This seminar is only open to students in the SPRING International Human Rights Clinic.
Co-requisite Clinic: International Human Rights Clinic (2-4 Spring credits). Students must first enroll in the clinic before attempting to enroll in this class.
Early Add/Drop Deadline: January 18, 2013.
LLM Students: This class and its clinic is open to LLM students through an application process.
Human rights advocacy and litigation are mainstays in efforts to protect and promote the rights of communities around the world. From the Arab Spring, to debates over U.S. policy at home and abroad, to the role of corporations in alleged violations, to potential reform and transition in countries like Burma, the discourse of rights today pervades and influences numerous international and national arenas. Nonetheless, serious questions face the human rights advocate when translating words and law into action and sustainable change for affected communities. Through case studies and role plays, this seminar examines the various dimensions and limitations of human rights advocacy and litigation, including strategic, ethical, and tactical challenges.
This seminar considers the tough questions that confront every human rights advocate: How can human rights be harnessed to effectively influence and change behavior? Which methods and mechanisms should an advocate deploy, when, and in what contexts? What does it mean to be a human rights advocate? What are the main critiques and dilemmas facing those engaged in rights promotion and defense? It allows students to critically examine the human rights movement, while also developing core advocacy, litigation, and problem-solving skills. While engaging with the critiques, the seminar also moves beyond them to discuss the choices advocates must make in practice for the communities they serve. In addition to case studies, students workshop and reflect on their participation in supervised clinical projects, which provide rich materials for discussions about fact-finding investigations, media work, negotiations, advocacy, and litigation. Students also consider how to balance the often differing agendas of the western international nongovernmental organizations and their counterparts in the (frequently non-western) developing world. Finally, the seminar grapples with the limits of established approaches of the movement such as litigation and “naming and shaming”, and explores in-depth the role of community lawyering and human rights.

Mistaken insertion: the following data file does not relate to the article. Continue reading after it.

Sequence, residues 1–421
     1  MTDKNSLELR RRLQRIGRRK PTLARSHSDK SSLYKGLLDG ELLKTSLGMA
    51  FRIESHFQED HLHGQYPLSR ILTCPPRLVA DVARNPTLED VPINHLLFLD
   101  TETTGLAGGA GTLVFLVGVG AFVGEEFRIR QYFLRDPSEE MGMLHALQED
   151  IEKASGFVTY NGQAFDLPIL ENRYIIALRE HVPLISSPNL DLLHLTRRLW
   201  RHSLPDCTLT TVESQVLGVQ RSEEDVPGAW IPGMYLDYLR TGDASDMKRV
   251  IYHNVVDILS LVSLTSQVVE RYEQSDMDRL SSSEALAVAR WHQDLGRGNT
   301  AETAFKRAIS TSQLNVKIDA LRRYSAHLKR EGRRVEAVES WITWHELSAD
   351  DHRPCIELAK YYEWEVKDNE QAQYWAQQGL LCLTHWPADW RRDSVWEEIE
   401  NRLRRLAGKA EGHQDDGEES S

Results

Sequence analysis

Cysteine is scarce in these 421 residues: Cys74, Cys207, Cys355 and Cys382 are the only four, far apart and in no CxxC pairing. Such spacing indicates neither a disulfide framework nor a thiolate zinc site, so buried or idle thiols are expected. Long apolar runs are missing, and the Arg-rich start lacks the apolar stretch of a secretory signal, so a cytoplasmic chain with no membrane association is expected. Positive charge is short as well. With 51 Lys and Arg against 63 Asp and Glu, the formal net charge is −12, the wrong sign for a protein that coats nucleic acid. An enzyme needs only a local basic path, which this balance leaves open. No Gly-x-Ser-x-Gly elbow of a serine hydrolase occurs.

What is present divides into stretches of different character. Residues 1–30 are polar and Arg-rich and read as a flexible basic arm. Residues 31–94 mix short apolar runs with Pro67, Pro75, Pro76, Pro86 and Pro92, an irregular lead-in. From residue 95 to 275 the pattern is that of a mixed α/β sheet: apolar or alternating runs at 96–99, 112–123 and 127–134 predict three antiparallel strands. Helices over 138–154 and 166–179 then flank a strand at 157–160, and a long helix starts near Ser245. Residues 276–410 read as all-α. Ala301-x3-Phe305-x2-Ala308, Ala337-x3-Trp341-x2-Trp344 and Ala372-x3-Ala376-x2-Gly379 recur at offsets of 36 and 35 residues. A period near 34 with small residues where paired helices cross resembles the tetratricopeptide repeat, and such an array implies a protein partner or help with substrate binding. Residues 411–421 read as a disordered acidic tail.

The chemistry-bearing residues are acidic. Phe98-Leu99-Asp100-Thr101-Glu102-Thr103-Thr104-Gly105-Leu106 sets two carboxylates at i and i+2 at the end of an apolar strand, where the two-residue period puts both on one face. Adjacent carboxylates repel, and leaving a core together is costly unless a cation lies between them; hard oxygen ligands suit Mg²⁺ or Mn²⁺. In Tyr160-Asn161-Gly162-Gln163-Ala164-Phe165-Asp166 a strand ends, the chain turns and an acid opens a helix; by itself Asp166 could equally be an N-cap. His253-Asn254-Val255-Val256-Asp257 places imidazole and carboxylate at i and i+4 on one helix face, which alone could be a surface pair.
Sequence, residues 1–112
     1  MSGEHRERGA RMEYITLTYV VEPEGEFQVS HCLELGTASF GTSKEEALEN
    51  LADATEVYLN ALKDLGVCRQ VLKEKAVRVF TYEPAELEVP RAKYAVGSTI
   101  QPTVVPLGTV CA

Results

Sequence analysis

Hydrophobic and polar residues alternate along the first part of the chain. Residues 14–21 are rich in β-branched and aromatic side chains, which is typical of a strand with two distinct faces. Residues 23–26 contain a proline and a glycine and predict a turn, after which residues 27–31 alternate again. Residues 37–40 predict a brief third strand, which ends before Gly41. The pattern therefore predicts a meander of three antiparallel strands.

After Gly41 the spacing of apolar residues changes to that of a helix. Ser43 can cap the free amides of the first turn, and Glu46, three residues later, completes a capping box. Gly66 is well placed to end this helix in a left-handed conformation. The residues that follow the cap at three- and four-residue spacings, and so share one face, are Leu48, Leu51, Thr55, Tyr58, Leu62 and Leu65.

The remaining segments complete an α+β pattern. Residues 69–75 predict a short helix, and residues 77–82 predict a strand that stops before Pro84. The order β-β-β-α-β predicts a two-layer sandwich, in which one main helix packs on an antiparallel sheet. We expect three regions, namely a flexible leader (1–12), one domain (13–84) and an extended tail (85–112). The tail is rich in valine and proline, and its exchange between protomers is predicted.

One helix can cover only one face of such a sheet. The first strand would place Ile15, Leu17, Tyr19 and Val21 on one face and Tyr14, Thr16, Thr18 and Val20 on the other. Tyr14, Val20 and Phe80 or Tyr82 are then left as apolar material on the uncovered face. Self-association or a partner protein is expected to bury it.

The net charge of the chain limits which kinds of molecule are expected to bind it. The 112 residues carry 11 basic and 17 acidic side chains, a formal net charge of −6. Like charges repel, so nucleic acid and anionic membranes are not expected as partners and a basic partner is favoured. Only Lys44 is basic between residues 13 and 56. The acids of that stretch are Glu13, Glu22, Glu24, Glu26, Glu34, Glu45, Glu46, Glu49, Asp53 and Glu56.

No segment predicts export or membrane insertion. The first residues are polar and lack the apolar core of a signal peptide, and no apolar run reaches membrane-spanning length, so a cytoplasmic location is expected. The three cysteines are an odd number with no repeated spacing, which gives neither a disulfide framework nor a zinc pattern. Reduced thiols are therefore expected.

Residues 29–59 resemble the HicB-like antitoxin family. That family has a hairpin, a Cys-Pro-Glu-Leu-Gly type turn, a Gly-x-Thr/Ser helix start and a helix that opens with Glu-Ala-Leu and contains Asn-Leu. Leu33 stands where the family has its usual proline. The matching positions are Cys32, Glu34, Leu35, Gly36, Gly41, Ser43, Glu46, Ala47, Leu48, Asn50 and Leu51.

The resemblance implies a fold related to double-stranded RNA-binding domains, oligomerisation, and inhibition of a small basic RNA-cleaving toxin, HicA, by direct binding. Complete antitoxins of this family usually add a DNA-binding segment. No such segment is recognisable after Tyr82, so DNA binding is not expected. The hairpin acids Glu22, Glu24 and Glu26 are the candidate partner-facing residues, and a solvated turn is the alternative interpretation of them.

A spring clinical practice component is required of all students. Clinical placements are with the International Human Rights Clinic.